Along the cobblestone path to cultural awakening, I’d sometimes get my designer-stilettos trapped between the crevices, and stumble. But I’d always regain my footing. Moulting my touristy shell, I emerged as the master of my new quotidian domain. Gradually, I transitioned from sightseeing to living: I bought groceries at the ipermercato in lieu of the outdoor-market stalls; strutted past the coliseum with my mouth closed instead of open in awe; and learned which trattorie served ubiquitous pasta carbonara to shorts-clad travellers rather than in-the-know locals. My fashion sense got a tune-up and took on the studied nonchalance that the Italians invented (and all others imitate). And I became as adept as the next Romana at sniffing out a genuine Gucci logo from that wonky knockoff symbol resembling the number 69. At the pinnacle of my linguistic learning-curve, I dared to launch Roman curse words at disgruntled gypsy boys, cursing me – for life – after refusing to hand them any money. In many ways, I was like everybody else sharing that same orbit; although, I still hadn’t been granted membership to the coveted club which would affirm our kinship.
Two years raced by like a Ferrari at full throttle. Looking back, my Italian life-lesson taught me, mostly, to accept that I’m not Italian. There, I said it. While in Rome, I couldn’t help but compare my parents to those of my Italian friends and wonder if they’d been beamed down from different planets. They’re clearly of a different feather, as I am. I now grin at the irony of being wooed by the very country that my parents dismissed. And remarkably, I feel serene as a by-product of diaspora, taking solace in knowing that I can extrapolate the best from two worlds (and under critical circumstances, wriggle out of one and take up occupancy in the other). And, like my parents who are inextricably Italian, but have become distinct from their compatriots who remained in Italy; I, also, became just a tad different, after my stint in another country.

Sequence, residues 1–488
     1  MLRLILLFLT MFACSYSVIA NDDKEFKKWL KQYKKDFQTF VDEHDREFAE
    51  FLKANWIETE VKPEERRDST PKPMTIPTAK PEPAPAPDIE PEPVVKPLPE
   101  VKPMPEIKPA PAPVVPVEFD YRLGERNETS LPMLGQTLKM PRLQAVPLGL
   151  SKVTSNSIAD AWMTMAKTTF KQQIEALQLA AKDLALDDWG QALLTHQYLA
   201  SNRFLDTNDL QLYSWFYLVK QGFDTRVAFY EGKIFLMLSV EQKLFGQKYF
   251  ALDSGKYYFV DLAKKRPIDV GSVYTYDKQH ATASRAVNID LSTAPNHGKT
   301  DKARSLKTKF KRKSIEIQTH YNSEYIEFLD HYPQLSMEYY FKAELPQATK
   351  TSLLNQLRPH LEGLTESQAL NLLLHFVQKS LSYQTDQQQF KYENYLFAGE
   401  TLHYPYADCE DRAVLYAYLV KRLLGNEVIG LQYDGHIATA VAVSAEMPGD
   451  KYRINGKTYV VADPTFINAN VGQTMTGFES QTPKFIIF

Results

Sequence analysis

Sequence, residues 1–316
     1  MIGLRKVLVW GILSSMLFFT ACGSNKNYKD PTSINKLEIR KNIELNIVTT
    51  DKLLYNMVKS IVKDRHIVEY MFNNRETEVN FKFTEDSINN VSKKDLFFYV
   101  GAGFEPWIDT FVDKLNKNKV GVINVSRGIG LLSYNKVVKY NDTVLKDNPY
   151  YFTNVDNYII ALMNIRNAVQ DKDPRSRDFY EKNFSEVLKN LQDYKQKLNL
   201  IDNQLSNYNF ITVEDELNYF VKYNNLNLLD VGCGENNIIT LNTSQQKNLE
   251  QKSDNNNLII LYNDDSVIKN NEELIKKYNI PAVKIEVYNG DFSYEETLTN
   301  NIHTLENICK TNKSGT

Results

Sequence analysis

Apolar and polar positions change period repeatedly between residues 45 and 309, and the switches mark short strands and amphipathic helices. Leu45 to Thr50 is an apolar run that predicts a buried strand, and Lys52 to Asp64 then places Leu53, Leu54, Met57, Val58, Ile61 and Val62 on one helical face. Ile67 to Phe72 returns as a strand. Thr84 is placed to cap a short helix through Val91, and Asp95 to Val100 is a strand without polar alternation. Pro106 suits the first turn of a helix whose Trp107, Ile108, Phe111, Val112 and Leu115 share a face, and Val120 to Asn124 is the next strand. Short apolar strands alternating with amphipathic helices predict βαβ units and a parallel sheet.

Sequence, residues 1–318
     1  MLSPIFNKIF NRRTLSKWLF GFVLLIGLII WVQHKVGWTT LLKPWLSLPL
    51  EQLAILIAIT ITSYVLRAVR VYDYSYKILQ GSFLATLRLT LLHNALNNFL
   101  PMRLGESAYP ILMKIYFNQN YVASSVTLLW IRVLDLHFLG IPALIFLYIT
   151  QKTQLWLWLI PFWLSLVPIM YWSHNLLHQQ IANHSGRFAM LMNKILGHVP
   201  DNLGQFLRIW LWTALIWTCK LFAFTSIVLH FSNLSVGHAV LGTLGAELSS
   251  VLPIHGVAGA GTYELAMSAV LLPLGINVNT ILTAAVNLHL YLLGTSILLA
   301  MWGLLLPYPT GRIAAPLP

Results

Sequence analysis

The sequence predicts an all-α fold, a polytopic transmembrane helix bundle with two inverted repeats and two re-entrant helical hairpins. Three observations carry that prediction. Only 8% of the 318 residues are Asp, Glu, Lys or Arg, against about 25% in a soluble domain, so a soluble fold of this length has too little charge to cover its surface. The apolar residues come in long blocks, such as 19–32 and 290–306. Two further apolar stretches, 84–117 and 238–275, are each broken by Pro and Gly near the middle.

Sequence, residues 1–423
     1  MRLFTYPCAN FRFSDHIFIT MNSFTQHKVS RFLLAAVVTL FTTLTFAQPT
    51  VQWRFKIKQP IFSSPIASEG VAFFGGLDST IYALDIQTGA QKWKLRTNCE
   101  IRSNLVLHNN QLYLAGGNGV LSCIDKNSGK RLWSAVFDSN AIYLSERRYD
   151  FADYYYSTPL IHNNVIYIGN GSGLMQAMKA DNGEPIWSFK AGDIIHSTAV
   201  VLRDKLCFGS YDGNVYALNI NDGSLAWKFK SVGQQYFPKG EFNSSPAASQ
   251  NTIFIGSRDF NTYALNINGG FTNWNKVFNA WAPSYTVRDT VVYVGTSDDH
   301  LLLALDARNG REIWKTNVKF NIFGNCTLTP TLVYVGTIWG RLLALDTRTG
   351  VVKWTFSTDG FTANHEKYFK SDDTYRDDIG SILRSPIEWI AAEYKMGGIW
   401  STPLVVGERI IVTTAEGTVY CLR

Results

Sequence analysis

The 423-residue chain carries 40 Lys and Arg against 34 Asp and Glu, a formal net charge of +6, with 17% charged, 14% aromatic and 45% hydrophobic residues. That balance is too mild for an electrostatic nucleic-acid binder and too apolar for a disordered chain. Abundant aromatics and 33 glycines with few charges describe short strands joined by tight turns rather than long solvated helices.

Back on home turf, with national pride intact and a better understanding of my heritage, I still feel giddily triumphant remembering the Customs official at the Rome airport, when I returned from a holiday. Waving his hands with the unflinching conviction of a carabiniere directing rush-hour fleets of Fiats and Vespas, he filed travel-weary passengers into waiting-lines. After throwing me the head-to-toe once-over, I heard him say to the tourists, “Per cortesia, let the Italian through.” I flicked my hair and strode by, tucking both my Italian and Canadian passports snugly into my Made-in-Italy travel bag.
Loretta Di Vita is a professional development consultant residing in Nuns’ Island, Quebec, with her husband Antonio. She is writing a book on networking etiquette.
“Just Visiting” won First Prize in the 5th annual Accenti Magazine Writing Contest and was read by Ms. Di Vita at the Accenti Magazine Awards during the 12th Blue Metropolis Montreal International Literary Festival in April 2010.
New Book by Longbridge
Accenti Comment Guidelines
We welcome and encourage discussion and debate on the articles published on our website. We reserve the right to refuse to post or remove any content that is racist, sexist, or homophobic in nature, or which promotes any form of intolerance and hatred. We also reserve the right to remove content which otherwise promotes or endorses a product or service.
|We acknowledge the financial support of the Government of Canada through the Canada Periodical Fund of the Department of Canadian Heritage.|